Haneef posed no threat, says Australian security agency

July 29th, 2008 - 8:22 pm ICT by IANS  

By Neena Bhandari
Sydney, July 29 (IANS) In yet another revelation on the botched case of Muhammad Haneef, the Australian Security Intelligence Agency (ASIO) has said it had time and again told the former John Howard-led liberal government that the Indian doctor posed no security threat. In an unclassified submission to the John Clarke-led inquiry, investigating the former Gold Coast registrar’s incarceration on terror charge and subsequent release, the ASIO Director General Paul O’Sullivan has revealed his organisation never believed Haneef was a threat.

The Clarke inquiry is investigating the series of events from the arrest of Haneef at Brisbane airport July 2, 2007, until his release from detention and return home to Bangalore July 29.

“In conducting its intelligence investigation, ASIO considered whether Dr. Haneef posed a threat to security and provided advice across government on this issue. ASIO participated in whole-of-government meetings in relation to Dr. Haneef”, said O’Sullivan.

“ASIO’s consistent advice to these meetings was that, based on available information, ASIO did not assess Dr. Haneef as a threat to security and did not have grounds to issue an adverse security assessment,” added O’Sullivan.

He said ASIO was not involved in the decisions to arrest, charge, prosecute or release Haneef.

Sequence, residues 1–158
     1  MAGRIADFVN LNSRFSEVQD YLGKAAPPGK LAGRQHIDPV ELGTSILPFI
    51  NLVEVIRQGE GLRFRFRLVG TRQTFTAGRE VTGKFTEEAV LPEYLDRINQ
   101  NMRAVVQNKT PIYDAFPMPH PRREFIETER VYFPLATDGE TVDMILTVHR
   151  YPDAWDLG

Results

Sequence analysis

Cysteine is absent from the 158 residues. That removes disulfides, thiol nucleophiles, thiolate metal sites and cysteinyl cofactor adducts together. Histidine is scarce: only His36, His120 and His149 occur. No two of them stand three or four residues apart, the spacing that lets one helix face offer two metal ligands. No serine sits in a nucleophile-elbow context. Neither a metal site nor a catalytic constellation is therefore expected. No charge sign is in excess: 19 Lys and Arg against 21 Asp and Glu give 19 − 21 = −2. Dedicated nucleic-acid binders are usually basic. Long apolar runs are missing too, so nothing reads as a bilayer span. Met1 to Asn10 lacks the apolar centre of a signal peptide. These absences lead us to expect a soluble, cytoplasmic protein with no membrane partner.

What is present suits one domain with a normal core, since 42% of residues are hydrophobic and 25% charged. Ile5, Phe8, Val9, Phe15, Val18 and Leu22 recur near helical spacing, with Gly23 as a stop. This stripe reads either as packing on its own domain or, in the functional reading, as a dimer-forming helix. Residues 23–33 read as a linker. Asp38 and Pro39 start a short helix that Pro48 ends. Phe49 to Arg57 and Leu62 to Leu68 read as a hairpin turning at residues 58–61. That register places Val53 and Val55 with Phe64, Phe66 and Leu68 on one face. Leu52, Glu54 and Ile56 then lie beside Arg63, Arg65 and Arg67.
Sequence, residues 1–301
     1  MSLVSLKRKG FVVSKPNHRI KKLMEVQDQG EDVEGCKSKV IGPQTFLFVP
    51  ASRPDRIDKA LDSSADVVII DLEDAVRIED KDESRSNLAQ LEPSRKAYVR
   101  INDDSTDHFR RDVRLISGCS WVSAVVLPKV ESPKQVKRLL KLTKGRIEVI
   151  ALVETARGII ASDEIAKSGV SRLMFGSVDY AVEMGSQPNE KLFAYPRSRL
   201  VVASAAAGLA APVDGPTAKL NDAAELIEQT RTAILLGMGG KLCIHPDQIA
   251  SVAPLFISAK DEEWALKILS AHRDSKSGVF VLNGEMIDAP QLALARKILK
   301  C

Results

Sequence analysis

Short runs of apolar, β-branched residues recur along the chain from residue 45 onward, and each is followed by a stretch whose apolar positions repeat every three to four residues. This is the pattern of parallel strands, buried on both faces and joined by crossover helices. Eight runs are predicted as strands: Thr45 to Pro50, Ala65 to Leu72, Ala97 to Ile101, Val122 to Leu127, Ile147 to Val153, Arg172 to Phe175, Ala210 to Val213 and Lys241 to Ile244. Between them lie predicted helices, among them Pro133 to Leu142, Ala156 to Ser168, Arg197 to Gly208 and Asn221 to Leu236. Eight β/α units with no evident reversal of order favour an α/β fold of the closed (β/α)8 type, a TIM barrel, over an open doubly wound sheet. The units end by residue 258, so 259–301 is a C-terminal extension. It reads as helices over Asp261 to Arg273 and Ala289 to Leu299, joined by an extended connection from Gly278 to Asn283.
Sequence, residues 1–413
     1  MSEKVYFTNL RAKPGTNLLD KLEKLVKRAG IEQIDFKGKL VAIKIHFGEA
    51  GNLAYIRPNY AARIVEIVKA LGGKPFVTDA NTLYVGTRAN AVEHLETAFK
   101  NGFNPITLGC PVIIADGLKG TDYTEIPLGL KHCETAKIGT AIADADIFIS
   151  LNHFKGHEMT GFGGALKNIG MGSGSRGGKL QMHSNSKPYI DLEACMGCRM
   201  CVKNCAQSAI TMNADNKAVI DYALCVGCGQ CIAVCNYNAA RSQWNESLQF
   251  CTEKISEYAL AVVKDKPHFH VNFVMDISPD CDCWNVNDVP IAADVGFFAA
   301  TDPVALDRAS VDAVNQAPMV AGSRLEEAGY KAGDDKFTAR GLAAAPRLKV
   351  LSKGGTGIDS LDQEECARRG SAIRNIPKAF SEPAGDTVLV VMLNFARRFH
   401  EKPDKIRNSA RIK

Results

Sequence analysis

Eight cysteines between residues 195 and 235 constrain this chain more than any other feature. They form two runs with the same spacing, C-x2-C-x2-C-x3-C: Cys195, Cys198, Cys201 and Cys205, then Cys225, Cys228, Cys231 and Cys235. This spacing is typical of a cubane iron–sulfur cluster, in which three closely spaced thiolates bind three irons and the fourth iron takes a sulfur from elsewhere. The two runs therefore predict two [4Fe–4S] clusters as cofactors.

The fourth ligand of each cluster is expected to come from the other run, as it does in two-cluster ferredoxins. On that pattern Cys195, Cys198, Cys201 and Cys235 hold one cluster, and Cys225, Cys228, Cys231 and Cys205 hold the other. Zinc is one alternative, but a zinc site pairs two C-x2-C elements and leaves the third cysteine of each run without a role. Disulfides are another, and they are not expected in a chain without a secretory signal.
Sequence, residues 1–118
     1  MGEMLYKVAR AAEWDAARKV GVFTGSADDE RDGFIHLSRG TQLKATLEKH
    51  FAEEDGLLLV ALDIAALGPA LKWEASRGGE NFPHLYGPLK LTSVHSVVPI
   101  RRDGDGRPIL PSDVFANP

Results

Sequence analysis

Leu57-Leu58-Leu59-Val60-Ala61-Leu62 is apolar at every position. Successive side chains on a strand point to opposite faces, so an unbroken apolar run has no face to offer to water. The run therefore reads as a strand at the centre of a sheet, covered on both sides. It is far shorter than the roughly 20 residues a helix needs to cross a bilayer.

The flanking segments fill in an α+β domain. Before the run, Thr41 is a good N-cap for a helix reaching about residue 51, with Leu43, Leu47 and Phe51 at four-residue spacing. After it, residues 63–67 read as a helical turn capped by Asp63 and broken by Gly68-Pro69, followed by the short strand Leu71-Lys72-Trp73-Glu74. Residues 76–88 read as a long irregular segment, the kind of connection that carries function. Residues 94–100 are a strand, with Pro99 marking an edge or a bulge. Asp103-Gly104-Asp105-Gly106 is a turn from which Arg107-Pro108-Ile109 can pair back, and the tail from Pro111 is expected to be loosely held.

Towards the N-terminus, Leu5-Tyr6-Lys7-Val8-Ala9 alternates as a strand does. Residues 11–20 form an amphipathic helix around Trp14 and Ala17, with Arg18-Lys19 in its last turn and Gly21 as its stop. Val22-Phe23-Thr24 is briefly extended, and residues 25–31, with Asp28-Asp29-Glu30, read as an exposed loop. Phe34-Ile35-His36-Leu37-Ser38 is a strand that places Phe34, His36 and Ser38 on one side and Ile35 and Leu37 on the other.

ASIO conducted an intelligence investigation and provided analytical support to the Australian Federal Police (AFP), but never questioned Haneef himself.

According to the Australian Associated Press (AAP), ASIO reported in a written advice to the government and various agencies on July 11 that it did not have information to indicate Haneef had any involvement in, or foreknowledge of, the failed terror acts in Britain.

ASIO also advised there was no information to indicate Haneef was undertaking planning for a terrorist attack in Australia or overseas.

Meanwhile, Haneef’s lawyers reiterated their demand for granting royal commission powers to the Clarke inquiry.

“Whatever this inquiry is, it is not judicial and it is not open,” Haneef’s lawyer Rod Hodgson told AAP Tuesday.

Justice Clarke, who is expected to produce a public and a private report, says he will not seek the powers of a royal commission to conduct the remainder of his inquiry. He will report his findings to the federal government by Sep 30.

Haneef was incarcerated in Australia for three weeks last July after being charged with supporting a terrorist organisation by “recklessly” giving his mobile phone SIM card to people planning the botched London and Glasgow bomb attacks.

The charges were later dropped and Haneef returned to his family in Bangalore. His work visa was reinstated last December by the new Immigration Minister Chris Evans.

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